Why the Amduat is significant - every evening the sun becomes old and weak and finally sets behind the Western horizon. Yet, it rises again in the morning, rejuvenated. How is that possible? How could the sun for the Ancient Egyptians the Sun God become young and revitalised during the night, during his night journey? What happens during this time? The Amduat is a description of the journey of the Sun God through the night world, that is also the world of the deceased. The knowledge contained in the Amduat is meant for the dead Pharaoh. But the text also recommends this knowledge for living beings. Thus, the journey of the Sun God can also be seen as a symbolic representation of an inner psychic process of transformation and renewal.
Über den Autor und weitere Mitwirkende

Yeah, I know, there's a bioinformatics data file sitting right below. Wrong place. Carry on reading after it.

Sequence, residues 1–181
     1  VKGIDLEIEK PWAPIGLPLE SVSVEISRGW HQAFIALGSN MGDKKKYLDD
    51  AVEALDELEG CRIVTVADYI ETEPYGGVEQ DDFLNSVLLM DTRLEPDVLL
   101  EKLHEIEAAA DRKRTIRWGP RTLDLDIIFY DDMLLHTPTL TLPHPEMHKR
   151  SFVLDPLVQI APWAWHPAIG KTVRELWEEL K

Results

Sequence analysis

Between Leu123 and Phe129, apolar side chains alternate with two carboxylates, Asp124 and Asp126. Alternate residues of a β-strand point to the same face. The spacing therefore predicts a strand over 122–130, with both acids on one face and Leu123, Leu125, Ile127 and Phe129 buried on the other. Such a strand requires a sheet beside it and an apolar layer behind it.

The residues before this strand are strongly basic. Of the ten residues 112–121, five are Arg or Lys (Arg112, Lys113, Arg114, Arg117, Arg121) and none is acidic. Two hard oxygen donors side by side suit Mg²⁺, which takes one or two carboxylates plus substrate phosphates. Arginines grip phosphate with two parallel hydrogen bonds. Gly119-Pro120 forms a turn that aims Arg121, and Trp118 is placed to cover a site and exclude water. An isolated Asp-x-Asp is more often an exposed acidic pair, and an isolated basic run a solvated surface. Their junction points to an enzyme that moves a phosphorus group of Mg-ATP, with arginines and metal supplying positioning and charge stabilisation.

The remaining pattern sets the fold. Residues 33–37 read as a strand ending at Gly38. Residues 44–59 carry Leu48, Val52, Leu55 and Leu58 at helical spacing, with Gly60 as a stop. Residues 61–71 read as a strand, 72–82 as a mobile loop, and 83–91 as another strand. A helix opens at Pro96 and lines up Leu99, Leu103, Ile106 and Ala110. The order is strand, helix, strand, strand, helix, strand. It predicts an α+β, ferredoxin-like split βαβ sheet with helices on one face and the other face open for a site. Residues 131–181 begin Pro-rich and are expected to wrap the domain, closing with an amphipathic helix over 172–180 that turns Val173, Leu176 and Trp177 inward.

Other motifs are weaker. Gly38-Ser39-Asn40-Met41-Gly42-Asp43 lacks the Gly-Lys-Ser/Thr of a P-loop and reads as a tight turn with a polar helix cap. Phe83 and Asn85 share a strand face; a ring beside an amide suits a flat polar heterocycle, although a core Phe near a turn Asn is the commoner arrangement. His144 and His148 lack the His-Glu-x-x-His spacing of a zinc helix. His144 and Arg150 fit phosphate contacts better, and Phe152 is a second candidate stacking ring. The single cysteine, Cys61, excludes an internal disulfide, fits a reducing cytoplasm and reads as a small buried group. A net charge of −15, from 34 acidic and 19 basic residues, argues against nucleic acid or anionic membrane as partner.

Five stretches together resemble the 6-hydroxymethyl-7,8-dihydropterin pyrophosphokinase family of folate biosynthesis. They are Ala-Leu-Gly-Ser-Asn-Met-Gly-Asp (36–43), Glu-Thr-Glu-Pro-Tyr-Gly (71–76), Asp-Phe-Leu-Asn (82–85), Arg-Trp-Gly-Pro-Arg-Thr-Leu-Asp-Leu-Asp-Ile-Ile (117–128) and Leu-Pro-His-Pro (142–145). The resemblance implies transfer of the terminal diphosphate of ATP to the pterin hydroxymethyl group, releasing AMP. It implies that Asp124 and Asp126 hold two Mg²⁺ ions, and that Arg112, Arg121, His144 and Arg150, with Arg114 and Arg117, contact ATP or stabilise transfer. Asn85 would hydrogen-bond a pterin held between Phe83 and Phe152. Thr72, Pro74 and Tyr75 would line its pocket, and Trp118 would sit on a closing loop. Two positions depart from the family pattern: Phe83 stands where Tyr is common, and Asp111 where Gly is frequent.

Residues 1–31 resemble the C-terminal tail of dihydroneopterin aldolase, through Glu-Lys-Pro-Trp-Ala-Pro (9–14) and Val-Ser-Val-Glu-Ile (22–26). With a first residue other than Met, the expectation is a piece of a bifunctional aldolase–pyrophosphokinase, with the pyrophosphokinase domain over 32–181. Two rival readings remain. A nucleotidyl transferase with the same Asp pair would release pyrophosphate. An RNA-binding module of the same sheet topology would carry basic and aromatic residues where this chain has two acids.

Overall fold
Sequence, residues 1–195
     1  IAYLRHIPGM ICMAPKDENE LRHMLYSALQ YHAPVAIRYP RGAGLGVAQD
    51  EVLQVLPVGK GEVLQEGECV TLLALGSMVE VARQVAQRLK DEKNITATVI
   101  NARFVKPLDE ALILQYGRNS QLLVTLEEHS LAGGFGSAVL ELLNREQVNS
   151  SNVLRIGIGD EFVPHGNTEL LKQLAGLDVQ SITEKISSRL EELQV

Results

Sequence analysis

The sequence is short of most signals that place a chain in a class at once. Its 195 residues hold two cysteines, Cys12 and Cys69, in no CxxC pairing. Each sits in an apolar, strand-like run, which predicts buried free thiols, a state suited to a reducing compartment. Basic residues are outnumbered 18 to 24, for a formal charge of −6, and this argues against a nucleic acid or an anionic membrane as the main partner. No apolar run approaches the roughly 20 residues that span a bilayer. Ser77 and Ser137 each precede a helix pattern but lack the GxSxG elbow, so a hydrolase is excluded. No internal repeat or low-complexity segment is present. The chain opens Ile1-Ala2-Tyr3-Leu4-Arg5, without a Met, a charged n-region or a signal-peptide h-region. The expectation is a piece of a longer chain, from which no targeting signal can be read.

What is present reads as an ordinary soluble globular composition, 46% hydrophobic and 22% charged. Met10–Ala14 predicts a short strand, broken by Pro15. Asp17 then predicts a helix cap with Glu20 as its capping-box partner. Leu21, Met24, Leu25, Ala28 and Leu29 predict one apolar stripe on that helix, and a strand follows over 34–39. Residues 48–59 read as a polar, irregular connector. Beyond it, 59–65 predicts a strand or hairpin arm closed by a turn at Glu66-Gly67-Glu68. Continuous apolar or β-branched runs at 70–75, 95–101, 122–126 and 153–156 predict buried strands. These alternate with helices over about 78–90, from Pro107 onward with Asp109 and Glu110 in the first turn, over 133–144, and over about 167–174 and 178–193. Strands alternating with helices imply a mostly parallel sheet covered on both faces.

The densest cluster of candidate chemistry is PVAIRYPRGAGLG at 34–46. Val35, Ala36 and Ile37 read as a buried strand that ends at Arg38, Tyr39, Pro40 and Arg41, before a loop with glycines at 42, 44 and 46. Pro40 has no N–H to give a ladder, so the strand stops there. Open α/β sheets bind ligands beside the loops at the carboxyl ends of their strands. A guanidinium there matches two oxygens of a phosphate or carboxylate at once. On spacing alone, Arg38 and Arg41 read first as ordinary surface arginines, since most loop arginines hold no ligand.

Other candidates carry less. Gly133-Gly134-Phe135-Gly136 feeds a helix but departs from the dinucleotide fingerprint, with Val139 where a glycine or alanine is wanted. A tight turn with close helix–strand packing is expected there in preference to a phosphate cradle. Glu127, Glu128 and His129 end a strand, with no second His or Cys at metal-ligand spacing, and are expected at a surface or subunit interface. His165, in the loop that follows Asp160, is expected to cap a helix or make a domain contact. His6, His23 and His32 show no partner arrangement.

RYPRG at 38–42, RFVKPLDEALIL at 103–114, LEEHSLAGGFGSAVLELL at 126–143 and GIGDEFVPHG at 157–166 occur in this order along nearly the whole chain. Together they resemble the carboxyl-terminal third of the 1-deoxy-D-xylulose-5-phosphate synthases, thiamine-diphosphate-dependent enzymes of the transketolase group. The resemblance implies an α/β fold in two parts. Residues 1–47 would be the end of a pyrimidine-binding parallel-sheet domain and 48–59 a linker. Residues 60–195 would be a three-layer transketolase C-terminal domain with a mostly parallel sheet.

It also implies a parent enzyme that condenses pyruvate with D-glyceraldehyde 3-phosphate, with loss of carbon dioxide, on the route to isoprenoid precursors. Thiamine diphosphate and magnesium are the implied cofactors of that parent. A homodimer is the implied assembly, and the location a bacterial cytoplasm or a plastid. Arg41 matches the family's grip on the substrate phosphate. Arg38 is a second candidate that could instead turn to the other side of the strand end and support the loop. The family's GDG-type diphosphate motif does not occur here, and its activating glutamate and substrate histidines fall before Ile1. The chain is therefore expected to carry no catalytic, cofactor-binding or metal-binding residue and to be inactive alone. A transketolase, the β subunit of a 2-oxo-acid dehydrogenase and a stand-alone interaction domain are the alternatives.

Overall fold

Theodor Abt (b. 1947) Jungian Analyst in private practice. 1983-88 member of the board of the C.G. Jung-Institute, Professor for Rural Sociology at the ETH. Since 1995, member of the board of the Research and Training Centre for Depth Psychology according to C.G. Jung and M.-L. von Franz, Zurich. Since 1988, President of the Society of the Friends of the Royal Tombs of Egypt. Author of: Progress without Loss of Soul (1990). Erik Hornung (b. 1933) Professor of Egyptology Univ. of Basle, Switzerland, 1967-1998. His research has focused on the Valley of the Kings and the edition of the Books of the Netherworld; he published the first edition of the Amduat in 1963. Of his many books in German, several have been translated into English: Conceptions of God in Ancient Egypt. The One and the Many (1982, paperback 1996); The Valley of the Kings: Horizon of Eternity (1990); The Tomb of Pharaoh Seti I. (1991); History of Ancient Egypt. An Introduction (1999); Akhenaten and the Religion of Light (1999); The Ancient Egyptian Books of the Afterlife (1999); The Secret Lore of Egypt (2001).